I’m a passionate advocate for diversity in picture books. I want my children and students to see their world reflected back to them on the pages of the books they read. I aim to curate book collections, at home and in the classroom, that are filled with stories told by diverse voices. I want my kiddies and students to listen deeply and to let these stories in, as Kathleen Kemarre Wallace implores.
Growing up, I wasn’t exposed to many picture books by Indigenous Australian authors. This was mainly due to the fact that Indigenous voices, at the time of my childhood, weren’t given many platforms from which to speak and share their stories with a wider audience.
Luckily for my children, our bookshelves are heaving with Magabala Books. Magabala is a not-for-profit publishing house who produce, support and celebrate literature written by Aboriginal and Torres Strait Islander authors and artists. All of the books in this post are from Magabala and were provided free for review purposes. I always post my honest opinions and never post books that I do not rate.
If you’d like more suggestions for picture books by Indigenous Australian authors, check out part one of this series and part two here.
“Way up north when the mighty storms come,
lightening flashes though liquorice clouds.“
The interplay of this text’s figurative language with the detailed illustrations is exquisite
It celebrates the intense relief and rebirth that is brought to Mother Earth as the monsoonal rains hit during Northern Australia’s wet season.
We are shown how these rains impact the landscape and wildlife. This would be an excellent accompaniment to a unit on seasons and weather; particularly Indigenous interpretations of seasons.
This one tugs at the heart strings and reminds us of the timelessness and power of childhood memories.
An elderly lady recalls the childhood camping trips that she would go on with her family.
We are shown the family as they move through the Western Australian landscape.
She admits that it is becoming harder and harder to recall details and the memories flash in and fade out.
A beautiful but bittersweet read.
These two board books form a part of the “Young Art” series which showcases the work of young Indigenous artists.
“At the Zoo” by Joshua Button and Robyn Wells was the first book in the series.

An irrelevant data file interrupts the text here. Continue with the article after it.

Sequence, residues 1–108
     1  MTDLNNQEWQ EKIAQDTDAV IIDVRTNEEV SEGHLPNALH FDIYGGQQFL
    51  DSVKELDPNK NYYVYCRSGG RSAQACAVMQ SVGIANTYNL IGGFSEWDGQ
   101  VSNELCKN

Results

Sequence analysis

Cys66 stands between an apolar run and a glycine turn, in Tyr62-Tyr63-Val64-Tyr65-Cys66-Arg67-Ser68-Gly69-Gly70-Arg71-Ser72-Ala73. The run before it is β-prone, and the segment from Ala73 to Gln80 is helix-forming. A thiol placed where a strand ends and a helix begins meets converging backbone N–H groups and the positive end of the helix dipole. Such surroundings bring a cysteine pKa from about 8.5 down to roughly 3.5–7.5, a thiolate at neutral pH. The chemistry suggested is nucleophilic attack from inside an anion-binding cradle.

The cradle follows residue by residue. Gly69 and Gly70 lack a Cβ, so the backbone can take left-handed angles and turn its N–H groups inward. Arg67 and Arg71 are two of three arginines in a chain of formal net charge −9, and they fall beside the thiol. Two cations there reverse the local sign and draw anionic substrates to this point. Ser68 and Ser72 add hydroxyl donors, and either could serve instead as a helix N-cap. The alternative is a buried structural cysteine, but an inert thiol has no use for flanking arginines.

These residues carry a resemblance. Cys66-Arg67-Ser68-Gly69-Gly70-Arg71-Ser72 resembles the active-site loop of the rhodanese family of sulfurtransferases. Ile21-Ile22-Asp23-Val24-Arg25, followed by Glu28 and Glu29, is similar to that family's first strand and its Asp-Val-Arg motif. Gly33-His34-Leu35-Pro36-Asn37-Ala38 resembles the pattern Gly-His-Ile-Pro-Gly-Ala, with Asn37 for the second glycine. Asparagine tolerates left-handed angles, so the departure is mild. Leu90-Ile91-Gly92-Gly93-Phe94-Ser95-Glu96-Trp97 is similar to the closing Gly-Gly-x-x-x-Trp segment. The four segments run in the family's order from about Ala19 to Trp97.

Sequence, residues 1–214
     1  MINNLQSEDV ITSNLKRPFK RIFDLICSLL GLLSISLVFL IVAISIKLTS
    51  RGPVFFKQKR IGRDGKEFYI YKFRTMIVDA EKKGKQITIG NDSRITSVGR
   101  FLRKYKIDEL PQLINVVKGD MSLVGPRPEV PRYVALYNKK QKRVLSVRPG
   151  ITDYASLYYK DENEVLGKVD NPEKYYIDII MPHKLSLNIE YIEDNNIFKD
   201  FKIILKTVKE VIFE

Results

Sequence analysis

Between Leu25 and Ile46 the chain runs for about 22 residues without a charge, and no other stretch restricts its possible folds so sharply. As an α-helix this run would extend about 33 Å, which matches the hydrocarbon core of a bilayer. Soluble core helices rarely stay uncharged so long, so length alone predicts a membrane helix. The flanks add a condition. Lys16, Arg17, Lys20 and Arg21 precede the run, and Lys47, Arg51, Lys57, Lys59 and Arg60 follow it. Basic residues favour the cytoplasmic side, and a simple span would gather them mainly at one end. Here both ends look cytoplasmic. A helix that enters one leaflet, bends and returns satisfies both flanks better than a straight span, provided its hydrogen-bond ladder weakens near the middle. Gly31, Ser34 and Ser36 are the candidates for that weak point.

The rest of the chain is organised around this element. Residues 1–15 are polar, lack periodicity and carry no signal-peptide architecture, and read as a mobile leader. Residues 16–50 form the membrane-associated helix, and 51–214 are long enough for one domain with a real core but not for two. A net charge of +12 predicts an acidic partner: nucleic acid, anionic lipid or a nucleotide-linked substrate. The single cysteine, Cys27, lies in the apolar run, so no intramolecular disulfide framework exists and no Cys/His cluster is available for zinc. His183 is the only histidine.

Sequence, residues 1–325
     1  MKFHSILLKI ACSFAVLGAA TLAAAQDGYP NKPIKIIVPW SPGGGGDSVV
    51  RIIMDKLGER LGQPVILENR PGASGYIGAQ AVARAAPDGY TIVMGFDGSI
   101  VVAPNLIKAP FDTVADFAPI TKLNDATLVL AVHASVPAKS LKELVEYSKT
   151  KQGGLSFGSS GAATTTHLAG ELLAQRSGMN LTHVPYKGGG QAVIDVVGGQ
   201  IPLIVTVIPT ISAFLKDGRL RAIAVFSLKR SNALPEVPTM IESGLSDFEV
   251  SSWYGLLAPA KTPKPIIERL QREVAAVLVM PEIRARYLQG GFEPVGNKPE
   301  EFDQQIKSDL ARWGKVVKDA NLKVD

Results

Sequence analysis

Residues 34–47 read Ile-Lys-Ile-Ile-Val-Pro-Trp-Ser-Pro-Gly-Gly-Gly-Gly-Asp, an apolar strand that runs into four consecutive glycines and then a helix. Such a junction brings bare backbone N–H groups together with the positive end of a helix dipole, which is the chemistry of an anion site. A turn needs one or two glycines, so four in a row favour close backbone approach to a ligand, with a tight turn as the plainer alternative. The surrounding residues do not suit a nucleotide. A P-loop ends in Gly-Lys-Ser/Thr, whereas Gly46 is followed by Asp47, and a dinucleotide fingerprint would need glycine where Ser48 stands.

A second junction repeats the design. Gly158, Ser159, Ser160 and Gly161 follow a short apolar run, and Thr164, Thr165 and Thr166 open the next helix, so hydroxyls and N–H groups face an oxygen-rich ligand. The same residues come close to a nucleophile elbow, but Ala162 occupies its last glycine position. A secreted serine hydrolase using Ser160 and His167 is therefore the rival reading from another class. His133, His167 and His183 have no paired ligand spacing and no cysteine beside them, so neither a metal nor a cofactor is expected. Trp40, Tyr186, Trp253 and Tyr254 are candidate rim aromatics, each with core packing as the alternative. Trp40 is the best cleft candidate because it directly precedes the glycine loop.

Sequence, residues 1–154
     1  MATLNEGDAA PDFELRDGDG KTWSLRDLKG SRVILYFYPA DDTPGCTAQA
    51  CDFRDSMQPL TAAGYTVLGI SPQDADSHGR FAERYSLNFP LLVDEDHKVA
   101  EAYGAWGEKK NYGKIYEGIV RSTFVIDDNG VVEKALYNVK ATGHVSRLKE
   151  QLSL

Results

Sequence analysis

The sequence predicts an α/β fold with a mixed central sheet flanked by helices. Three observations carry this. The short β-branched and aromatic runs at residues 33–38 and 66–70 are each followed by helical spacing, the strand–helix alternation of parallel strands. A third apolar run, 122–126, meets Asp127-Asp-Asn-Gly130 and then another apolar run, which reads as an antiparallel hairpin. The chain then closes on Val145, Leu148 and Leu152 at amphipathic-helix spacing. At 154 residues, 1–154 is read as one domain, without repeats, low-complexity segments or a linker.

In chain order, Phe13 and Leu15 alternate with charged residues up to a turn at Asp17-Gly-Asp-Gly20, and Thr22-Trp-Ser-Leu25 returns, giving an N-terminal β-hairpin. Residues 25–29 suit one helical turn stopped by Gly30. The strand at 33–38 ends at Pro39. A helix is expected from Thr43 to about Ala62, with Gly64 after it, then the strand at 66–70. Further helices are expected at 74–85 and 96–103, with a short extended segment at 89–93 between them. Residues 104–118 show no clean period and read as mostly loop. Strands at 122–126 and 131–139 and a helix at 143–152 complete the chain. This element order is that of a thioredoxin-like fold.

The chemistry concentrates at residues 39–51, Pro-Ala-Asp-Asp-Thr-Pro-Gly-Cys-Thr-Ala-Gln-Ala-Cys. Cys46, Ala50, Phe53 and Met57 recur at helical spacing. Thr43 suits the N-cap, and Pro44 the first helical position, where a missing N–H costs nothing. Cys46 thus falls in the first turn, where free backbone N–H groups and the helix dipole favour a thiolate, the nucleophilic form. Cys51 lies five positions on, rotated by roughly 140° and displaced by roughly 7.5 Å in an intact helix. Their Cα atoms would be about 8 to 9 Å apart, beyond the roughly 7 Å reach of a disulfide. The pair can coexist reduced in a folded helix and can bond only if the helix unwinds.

All of the books in the series are very popular with the toddler critic in this house.
Each spread contains a simple descriptive phrase- scuttling crabs, queenly cassowary, hungry pigeons- with the illustrations being the Hero. All of the illustrators in this series have vastly different styles but are all eye-catching and perfect for little eyes to pore over.
These are an excellent Early Childhood resource, but would also be valuable for units on descriptive language.
This book is based on a song by the author, who is also a celebrated singer-songwriter.
It is a powerful tribute to the Indigenous men and women who were used as forced unpaid labour in the Western Australian pearling industry during the nineteenth century. Indigenous people were used to free dive for pearl shell and faced many dangers.
It follows the journey of one young man as he is taken from his home and country to work on a lugger alongside Japanese and Malay divers.
The book ends with the lyrics and sheet music to the song.
What happens when you live on a remote property but dream of swashbuckling on the high seas?
You use your imagination and launch the laundry basket into choppy seas!
Molly faces some salty buccanneers (who strangely look like the pet chickens.)
She scales the ship’s rigging (or is it the clothes line?)
This is a rollicking good read and children will love spotting the every day items that are transformed by Molly’s imagination.
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All of the books in this post were provided free for review purposes. I always post my honest opinions and never post books that I do not rate.